According to Zillow, the median price for a single-family home in Texas is currently $277,062 less than half of what a median priced home costs in California, when comparing just prices and not condition or size of a property. A $500,000 price tag can get you a mansion in a San Antonio but barely pays for a two bedroom apartment in Glendale.

In addition, an average Texas resident earns a yearly income of $68,000. Simple calculations would suggest that a Dallas resident adequately falls within the 30 percent payment rule. To put it into perspective, an individual can probably afford to purchase a house as a single buyer without a need to pool resources, assuming they earn an average income in Texas.

A change in the electoral map

The sheer volume of Californians unable to find housing in their own state has led many to flee its sunny beaches and seek residential opportunities in more affordable areas in the country. As a result, the blue state’s diaspora has grown in neighboring states like Colorado, Nevada and Texas once traditionally known for their more conservative ideologies. Now, these states are shifting toward a different hue: purple.

“The gains made by Democrats in Texas at the various governmental levels during the 2018 midterm elections were interesting,” emphasized Kamei. “This is definitely a positive sign for progressives. On the other hand, there are some Americans who are feeling threatened by the rapid changes occurring in their states and the country.”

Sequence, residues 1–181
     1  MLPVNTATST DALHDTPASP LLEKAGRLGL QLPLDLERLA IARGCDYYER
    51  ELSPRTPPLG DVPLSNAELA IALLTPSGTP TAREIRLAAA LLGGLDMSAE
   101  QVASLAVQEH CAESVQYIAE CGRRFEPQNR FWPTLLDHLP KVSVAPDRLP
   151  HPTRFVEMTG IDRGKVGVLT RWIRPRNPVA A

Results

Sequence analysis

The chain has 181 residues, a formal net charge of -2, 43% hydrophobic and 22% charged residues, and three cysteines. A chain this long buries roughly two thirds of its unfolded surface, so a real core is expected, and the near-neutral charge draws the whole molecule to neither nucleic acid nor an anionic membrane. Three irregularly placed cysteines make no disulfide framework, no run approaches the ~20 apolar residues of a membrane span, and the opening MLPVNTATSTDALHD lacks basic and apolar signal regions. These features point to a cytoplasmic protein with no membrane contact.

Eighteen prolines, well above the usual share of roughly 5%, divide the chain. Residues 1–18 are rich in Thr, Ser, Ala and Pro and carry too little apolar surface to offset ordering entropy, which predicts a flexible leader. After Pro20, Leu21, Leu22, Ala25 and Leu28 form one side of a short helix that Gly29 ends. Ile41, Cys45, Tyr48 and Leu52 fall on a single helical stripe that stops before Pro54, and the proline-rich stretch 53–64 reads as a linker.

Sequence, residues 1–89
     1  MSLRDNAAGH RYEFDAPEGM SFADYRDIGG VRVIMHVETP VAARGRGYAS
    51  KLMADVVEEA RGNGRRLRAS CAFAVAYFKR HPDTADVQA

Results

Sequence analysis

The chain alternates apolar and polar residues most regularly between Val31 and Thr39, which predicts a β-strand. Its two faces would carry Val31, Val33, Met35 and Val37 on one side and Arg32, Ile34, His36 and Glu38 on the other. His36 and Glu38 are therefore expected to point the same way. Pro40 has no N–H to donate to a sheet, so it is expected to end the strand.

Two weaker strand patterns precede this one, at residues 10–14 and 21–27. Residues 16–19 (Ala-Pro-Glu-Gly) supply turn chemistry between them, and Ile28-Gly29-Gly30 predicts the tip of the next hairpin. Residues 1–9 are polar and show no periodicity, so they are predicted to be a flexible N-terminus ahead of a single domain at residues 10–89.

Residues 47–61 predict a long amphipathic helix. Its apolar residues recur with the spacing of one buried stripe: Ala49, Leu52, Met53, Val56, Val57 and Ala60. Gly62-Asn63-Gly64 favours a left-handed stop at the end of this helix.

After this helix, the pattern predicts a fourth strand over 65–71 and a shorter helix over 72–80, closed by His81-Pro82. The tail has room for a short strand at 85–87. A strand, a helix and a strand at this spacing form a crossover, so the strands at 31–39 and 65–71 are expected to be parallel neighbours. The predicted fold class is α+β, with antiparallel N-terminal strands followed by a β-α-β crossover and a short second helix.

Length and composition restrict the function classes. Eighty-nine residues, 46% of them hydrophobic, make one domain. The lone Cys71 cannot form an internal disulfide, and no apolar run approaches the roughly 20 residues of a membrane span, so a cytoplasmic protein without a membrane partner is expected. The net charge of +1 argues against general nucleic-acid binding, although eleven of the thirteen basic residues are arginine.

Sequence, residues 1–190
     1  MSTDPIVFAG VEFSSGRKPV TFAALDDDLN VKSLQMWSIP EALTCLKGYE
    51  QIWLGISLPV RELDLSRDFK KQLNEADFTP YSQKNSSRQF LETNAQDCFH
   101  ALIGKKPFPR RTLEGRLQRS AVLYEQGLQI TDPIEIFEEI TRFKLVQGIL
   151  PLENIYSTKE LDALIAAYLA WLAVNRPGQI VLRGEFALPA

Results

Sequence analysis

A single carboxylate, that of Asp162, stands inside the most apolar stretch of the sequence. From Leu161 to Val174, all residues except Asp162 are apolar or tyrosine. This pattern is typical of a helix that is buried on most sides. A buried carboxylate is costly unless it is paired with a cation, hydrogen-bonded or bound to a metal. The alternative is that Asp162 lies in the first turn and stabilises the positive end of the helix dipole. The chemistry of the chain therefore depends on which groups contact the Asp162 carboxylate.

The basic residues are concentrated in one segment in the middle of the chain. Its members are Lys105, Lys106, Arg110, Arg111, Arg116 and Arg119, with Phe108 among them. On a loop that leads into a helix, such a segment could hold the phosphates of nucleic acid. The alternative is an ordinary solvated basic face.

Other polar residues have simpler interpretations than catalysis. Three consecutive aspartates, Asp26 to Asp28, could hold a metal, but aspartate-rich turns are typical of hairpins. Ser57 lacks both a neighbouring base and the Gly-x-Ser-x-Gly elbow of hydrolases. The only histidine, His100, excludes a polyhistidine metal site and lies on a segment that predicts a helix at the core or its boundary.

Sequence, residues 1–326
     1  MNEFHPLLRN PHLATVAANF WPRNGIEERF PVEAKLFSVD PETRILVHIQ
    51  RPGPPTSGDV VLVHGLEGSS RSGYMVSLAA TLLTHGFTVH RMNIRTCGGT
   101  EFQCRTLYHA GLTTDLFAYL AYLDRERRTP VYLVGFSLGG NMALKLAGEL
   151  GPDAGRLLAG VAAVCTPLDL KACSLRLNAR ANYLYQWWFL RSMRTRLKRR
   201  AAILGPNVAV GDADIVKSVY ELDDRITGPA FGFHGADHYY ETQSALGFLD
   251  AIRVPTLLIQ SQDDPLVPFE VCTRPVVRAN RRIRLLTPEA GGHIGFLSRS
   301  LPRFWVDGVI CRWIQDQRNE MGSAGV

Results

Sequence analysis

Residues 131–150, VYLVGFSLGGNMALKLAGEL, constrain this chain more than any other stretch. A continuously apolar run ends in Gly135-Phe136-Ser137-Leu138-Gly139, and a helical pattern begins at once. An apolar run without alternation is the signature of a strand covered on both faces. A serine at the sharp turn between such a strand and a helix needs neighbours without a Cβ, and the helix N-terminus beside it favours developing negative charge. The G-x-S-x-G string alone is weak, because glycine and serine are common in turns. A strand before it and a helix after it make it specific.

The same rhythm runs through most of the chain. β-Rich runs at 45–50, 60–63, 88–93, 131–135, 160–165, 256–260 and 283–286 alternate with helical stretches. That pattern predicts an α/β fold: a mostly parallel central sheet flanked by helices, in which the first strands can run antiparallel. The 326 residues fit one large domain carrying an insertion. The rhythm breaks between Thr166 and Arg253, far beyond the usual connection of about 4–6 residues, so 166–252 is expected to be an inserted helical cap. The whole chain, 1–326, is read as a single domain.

Ultimately, Californians who relocate to other states and cities, and cause a shift in migration pattern, do indeed appear to effect a change in local and national politics. Pot is now decriminalized in Colorado and Nevada. Just last November, Democratic candidates like Kyrsten Sinema of Arizona and Ben McAdams of Utah, were elected to represent their congressional districts.  

To stay and to rent’

Neo, an executive member of the Glendale Tenants Union, has lived in different Los Angeles neighborhoods and cities for 25 years, and said that he has seen how the increase of new luxury apartment complexes in neighboring areas. In an interview, Neo, who only uses a first name, said that this has degraded tenant-landlord relations in more traditional “mom-and-pop” style apartment buildings all across Glendale.